I’m worthy of being loved.
Here, Edna’s ability to love and be loved has changed the deeper meaning of
the everyday pleasantries she exchanges with other people.
Dan, a former bank employee and real-estate investor, described how he
felt a “very blissful connection” to his brother, with whom he was close dur-
ing childhood. He said,
12 Journal of Humanistic Psychology 0(0)
just the way that I was connected to my brother felt very intense in a way that
I don’t feel now, day to day, but—and I remember feeling that way. It was very
strong, and it was very loving, and very like “everything is okay.” It was almost
exciting, this very blissful connection.
Dan also described feeling “a deeper connection with my girlfriend,” who
had, in fact, moved into his apartment the day before his psilocybin session.
He described coming home directly from the session and sitting on his couch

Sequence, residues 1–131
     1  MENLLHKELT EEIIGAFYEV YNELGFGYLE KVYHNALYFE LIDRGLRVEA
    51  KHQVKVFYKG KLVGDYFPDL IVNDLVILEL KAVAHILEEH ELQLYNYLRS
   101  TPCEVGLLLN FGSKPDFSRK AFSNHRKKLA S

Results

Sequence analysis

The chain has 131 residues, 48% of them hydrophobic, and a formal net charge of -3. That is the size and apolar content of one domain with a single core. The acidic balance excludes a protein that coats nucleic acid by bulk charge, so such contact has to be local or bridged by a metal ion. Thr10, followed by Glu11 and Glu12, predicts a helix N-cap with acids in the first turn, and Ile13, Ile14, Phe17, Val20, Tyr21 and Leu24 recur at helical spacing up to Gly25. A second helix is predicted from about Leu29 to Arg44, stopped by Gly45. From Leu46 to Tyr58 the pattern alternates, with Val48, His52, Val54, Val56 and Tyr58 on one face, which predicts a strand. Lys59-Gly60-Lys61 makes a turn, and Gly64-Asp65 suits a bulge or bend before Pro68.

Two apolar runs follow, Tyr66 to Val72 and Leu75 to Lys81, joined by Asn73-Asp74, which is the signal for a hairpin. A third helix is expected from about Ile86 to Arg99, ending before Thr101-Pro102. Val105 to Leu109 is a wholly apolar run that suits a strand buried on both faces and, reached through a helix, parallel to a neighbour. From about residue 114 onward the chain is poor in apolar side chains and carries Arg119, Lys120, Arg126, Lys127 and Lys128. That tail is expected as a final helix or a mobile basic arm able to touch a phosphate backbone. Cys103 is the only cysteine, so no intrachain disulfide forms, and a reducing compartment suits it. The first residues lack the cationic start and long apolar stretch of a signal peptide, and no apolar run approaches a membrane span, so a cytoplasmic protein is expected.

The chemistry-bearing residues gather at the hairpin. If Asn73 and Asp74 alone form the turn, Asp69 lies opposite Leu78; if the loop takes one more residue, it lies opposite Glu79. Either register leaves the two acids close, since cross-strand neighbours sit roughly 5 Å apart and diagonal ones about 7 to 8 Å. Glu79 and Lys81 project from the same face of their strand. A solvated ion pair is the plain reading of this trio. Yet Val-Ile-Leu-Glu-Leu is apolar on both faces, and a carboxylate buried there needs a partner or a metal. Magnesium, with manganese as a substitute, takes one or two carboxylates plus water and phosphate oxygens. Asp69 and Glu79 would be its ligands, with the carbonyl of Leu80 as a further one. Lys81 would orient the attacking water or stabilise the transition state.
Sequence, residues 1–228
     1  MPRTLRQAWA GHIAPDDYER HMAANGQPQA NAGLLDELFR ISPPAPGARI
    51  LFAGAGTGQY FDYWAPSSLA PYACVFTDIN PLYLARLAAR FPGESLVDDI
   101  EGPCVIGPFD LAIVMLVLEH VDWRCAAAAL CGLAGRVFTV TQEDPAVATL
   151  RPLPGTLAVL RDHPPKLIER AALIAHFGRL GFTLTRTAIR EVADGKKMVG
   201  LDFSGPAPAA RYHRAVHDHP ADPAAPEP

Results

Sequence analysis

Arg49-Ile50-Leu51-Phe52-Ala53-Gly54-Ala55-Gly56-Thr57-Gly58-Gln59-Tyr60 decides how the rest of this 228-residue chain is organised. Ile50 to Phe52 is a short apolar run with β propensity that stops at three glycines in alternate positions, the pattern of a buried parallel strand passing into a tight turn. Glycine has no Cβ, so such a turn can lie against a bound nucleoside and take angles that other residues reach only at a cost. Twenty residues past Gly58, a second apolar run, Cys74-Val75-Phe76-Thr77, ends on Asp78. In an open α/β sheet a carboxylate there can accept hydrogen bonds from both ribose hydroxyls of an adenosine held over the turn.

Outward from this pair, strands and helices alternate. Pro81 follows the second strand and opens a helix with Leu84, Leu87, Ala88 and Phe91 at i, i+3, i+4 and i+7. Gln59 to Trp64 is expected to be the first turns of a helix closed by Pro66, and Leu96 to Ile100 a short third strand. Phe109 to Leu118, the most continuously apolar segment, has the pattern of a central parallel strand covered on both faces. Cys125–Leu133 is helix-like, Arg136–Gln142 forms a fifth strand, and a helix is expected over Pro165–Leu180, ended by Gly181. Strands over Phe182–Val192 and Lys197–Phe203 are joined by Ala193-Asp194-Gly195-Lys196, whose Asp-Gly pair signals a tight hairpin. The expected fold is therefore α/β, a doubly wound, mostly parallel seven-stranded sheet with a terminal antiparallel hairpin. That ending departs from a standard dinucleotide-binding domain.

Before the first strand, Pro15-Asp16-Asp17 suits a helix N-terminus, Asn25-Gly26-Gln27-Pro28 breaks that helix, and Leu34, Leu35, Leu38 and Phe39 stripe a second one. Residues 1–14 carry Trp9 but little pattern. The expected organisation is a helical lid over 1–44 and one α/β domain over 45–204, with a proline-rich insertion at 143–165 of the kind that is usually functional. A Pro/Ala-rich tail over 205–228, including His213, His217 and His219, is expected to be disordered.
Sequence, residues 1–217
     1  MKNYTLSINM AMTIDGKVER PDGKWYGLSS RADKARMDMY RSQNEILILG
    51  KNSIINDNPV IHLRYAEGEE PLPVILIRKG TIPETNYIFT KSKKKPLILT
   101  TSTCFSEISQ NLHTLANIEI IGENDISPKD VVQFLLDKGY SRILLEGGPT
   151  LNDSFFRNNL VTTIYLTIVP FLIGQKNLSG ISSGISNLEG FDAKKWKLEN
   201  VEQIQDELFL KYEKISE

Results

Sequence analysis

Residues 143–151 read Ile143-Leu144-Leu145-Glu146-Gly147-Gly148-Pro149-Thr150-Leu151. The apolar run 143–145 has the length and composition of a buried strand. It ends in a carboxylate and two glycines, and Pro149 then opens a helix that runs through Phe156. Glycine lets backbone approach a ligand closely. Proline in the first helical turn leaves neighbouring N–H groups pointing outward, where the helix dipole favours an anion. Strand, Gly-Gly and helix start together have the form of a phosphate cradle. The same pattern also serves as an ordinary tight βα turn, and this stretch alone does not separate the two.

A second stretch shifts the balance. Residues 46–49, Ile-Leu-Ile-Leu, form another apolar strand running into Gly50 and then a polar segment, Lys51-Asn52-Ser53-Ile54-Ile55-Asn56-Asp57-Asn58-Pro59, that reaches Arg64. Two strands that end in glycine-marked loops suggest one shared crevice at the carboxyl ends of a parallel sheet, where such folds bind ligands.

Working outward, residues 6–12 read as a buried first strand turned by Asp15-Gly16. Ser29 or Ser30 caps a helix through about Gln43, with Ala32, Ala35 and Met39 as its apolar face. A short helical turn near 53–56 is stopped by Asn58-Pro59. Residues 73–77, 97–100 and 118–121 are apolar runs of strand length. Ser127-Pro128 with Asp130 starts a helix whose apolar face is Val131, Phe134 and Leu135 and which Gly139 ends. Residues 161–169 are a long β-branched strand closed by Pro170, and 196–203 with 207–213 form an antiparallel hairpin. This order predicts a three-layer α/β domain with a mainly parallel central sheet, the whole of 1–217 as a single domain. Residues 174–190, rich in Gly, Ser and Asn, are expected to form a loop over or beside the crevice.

with her. He said:
I was appreciating the pureness of her, if you will, her being, in a way. In a way,
I had not allowed myself, or not realized, or whatever the case was. And so that
was pretty much immediate, but I felt like that had a lasting effect. I feel that
kind of changed my perception of our relationship over the ensuing weeks in a
way. It allowed me to be more open with her, express my appreciation a lot for
her in way that I had not. I think it had a positive effect—kind of a bit of a
snowball effect.
Dan reflected that the state of mind into which he entered helped him become
“more emotionally open” to his girlfriend. Within 3 months, Dan bought an
engagement ring and proposed marriage to her.
Loved Ones as Guiding Spirits
Seven participants described being visited by guiding spirits who helped
them move through their psilocybin experiences; they typically manifested in
the form of visions of loved ones providing guidance or reassurance.
Participants described hearing a guiding voice or seeing a spirit that was a
“being” who aided them along their inner journeys. These guides were
described as recognizable familial figures: In one case, daughters were